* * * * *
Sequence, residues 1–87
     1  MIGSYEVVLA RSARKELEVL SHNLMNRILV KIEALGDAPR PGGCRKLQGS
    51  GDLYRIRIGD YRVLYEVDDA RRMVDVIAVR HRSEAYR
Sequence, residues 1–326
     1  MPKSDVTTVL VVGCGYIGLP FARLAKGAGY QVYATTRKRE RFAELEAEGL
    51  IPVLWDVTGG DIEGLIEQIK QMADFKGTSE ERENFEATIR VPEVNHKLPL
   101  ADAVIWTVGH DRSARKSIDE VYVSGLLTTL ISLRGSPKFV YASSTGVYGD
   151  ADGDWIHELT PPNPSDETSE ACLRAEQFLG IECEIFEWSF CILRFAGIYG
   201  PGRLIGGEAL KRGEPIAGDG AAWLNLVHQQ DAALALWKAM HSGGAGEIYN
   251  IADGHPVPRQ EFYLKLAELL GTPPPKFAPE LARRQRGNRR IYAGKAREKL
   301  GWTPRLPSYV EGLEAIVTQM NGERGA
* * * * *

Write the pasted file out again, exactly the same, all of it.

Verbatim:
Sequence, residues 1–87
     1  MIGSYEVVLA RSARKELEVL SHNLMNRILV KIEALGDAPR PGGCRKLQGS
    51  GDLYRIRIGD YRVLYEVDDA RRMVDVIAVR HRSEAYR
Sequence, residues 1–326
     1  MPKSDVTTVL VVGCGYIGLP FARLAKGAGY QVYATTRKRE RFAELEAEGL
    51  IPVLWDVTGG DIEGLIEQIK QMADFKGTSE ERENFEATIR VPEVNHKLPL
   101  ADAVIWTVGH DRSARKSIDE VYVSGLLTTL ISLRGSPKFV YASSTGVYGD
   151  ADGDWIHELT PPNPSDETSE ACLRAEQFLG IECEIFEWSF CILRFAGIYG
   201  PGRLIGGEAL KRGEPIAGDG AAWLNLVHQQ DAALALWKAM HSGGAGEIYN
   251  IADGHPVPRQ EFYLKLAELL GTPPPKFAPE LARRQRGNRR IYAGKAREKL
   301  GWTPRLPSYV EGLEAIVTQM NGERGA